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Charlotte-Mecklenburg Police Department is committed to being a model law enforcement agency for the nation, and that starts at our Training Academy.

As a CMPD recruit, you’ll not only learn from some of the most knowledgeable experts in the field. You’ll also bolster your policing skills and prepare for real-life scenarios using leading-edge technology like virtual reality (VR).

VR allows you to experience common scenarios before you encounter them in the field. It’s practice for thinking on your feet, navigating your body’s natural stress response and making the right decisions to de-escalate situations that could otherwise put members of the community, another officer or even yourself in danger.

We recently caught up with CMPD Officer Mark A. Smith, virtual reality instructor, and Officer Diego Fuentes, graduate of Recruit Class 194, to learn more about how VR is shaping officers’ interactions with the citizens of Charlotte. Here’s what they said:

What are the benefits of using VR training in the Academy?

OFFICER SMITH: Axon, the parent company of  TASER, created virtual reality training for law enforcement to help put recruits and veteran officers in all sorts of different situations. 

Our previous technology was expensive and took up an entire room. By comparison, VR headsets are relatively inexpensive, small, portable and can be used almost anywhere. A student can be immersed in a variety of training experiences in a few minutes.

We currently use 22 scenarios, including:

  • People who are hard of hearing,
  • Those who speak a different language,
  • A number of different mental health-type events and
  • Traditional policing scenarios like traffic stops, disturbances and domestic violence calls.

The VR headsets are excellent training tools for recruits in the Academy as well as veteran officers. They allow us to build a mental toolbox that will lead to better and safer outcomes.

What happens during a VR training session?

OFFICER SMITH: Recruits typically pick the scenarios they wish to experience. There are thumbnails and titles that help them understand the content.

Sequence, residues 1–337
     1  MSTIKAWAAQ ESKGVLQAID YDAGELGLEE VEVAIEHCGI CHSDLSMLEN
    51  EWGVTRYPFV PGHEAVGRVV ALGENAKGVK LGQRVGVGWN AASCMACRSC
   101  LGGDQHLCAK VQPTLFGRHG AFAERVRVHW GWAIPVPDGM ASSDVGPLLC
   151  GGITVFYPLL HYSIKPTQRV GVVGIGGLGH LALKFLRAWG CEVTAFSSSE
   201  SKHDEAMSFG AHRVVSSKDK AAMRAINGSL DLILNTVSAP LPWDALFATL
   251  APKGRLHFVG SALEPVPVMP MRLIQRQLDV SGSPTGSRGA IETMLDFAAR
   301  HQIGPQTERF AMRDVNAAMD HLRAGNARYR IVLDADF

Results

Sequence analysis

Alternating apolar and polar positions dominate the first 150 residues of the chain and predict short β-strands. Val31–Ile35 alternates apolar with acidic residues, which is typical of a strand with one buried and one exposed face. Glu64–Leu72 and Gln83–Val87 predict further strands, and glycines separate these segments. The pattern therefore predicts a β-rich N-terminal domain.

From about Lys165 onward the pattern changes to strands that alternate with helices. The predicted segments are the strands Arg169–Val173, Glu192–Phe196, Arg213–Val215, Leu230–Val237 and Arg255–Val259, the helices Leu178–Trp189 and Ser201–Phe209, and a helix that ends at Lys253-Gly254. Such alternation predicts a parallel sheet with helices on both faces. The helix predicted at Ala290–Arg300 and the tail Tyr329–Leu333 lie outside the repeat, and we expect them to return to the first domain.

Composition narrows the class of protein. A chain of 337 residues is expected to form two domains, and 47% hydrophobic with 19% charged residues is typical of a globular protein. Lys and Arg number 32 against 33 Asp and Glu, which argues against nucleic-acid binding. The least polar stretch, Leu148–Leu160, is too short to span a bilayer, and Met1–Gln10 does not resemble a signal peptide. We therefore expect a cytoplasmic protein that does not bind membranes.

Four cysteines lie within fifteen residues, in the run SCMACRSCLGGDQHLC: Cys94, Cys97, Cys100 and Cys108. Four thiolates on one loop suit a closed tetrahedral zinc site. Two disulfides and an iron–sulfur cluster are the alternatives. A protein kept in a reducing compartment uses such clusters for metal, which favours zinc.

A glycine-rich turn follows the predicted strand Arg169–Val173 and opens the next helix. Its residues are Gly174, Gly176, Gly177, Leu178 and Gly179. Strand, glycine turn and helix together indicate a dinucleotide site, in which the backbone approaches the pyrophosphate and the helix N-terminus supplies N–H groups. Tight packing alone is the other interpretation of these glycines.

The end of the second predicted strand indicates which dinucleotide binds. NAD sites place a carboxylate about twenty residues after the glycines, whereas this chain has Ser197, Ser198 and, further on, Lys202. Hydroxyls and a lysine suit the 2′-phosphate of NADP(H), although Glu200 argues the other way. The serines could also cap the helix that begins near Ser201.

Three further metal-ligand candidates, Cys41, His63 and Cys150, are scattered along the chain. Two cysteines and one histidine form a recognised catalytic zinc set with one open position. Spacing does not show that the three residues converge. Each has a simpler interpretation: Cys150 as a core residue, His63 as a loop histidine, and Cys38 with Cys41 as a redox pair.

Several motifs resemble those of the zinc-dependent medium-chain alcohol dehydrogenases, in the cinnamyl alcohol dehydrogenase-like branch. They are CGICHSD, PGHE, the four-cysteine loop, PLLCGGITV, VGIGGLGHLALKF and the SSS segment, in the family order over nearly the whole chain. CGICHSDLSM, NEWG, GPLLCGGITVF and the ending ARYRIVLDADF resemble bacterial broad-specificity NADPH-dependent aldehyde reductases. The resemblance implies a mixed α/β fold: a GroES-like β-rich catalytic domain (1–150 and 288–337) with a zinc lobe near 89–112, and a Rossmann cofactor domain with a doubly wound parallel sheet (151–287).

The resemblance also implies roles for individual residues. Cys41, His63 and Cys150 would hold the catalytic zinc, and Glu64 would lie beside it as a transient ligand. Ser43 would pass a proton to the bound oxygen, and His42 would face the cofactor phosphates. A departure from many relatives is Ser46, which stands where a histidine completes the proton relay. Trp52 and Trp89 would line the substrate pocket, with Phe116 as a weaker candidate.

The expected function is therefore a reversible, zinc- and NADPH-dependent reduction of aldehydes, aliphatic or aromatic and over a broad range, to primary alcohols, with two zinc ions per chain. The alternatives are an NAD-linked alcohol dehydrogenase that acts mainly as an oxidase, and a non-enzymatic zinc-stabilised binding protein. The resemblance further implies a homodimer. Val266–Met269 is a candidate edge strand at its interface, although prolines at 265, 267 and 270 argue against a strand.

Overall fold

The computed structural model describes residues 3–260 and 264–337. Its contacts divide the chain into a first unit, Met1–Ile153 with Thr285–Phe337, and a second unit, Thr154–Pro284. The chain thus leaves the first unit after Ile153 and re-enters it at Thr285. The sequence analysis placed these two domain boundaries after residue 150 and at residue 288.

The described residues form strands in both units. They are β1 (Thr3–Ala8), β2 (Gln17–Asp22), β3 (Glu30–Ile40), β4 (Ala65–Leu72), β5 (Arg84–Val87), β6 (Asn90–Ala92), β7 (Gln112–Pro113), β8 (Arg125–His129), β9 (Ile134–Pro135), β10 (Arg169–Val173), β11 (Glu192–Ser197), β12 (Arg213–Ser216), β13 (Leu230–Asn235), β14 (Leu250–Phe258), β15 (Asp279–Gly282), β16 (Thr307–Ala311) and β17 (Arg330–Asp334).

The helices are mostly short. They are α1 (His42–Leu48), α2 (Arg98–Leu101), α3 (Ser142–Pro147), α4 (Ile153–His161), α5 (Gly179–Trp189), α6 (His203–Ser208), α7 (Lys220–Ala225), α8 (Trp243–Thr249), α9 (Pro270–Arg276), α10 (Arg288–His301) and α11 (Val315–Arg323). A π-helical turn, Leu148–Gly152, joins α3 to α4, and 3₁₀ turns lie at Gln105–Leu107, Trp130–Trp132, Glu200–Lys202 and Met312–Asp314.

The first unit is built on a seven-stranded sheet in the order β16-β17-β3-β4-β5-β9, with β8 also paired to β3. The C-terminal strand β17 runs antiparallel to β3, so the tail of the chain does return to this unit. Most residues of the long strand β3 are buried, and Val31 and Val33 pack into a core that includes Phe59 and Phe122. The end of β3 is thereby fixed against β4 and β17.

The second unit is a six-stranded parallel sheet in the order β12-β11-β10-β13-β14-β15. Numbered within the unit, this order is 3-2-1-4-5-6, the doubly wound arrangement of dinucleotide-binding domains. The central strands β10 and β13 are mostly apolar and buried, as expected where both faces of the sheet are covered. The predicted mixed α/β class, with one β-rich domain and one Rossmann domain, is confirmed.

Many scenarios have branching points that allow the student to make a choice in how they interact with the encounter. For example, a student might choose to continue to use words or verbal commands to de-escalate, or might need to draw a  TASER, use a TASER feature known as a Warning Arc or deploy the TASER.

Students can also use a training pistol called a Shot-Indicating Resetting Trigger (SIRT) pistol, which uses infrared LASERs that can be seen and registered in the VR headset.

There are also different drills and target practice options that can be done in VR with the TASER as well as the SIRT pistol. This allows police recruits and veteran officers hundreds of reps at no additional cost. It won’t ever replace the need for live firearms practice and qualification, but the reps help strengthen fundamentals.

We can do this training at a location other than the Academy and on any shift, which is huge. Typically all training at the Academy occurs during first and second shift shift hours.

What scenario(s) did you experience in your VR training?

OFFICER FUENTES: I went through domestic violence scenarios, a suicide call for service, a disturbance and a missing person call for service with a language barrier during my training.

How realistic did the scenarios feel?

OFFICER FUENTES: The scenarios felt pretty realistic, especially considering we didn’t know the actors. They set the expectation that during the call you should be gathering as much information as you can and be able to react in a split-second should a situation change.

How does VR complement other academic and hands-on training recruits receive?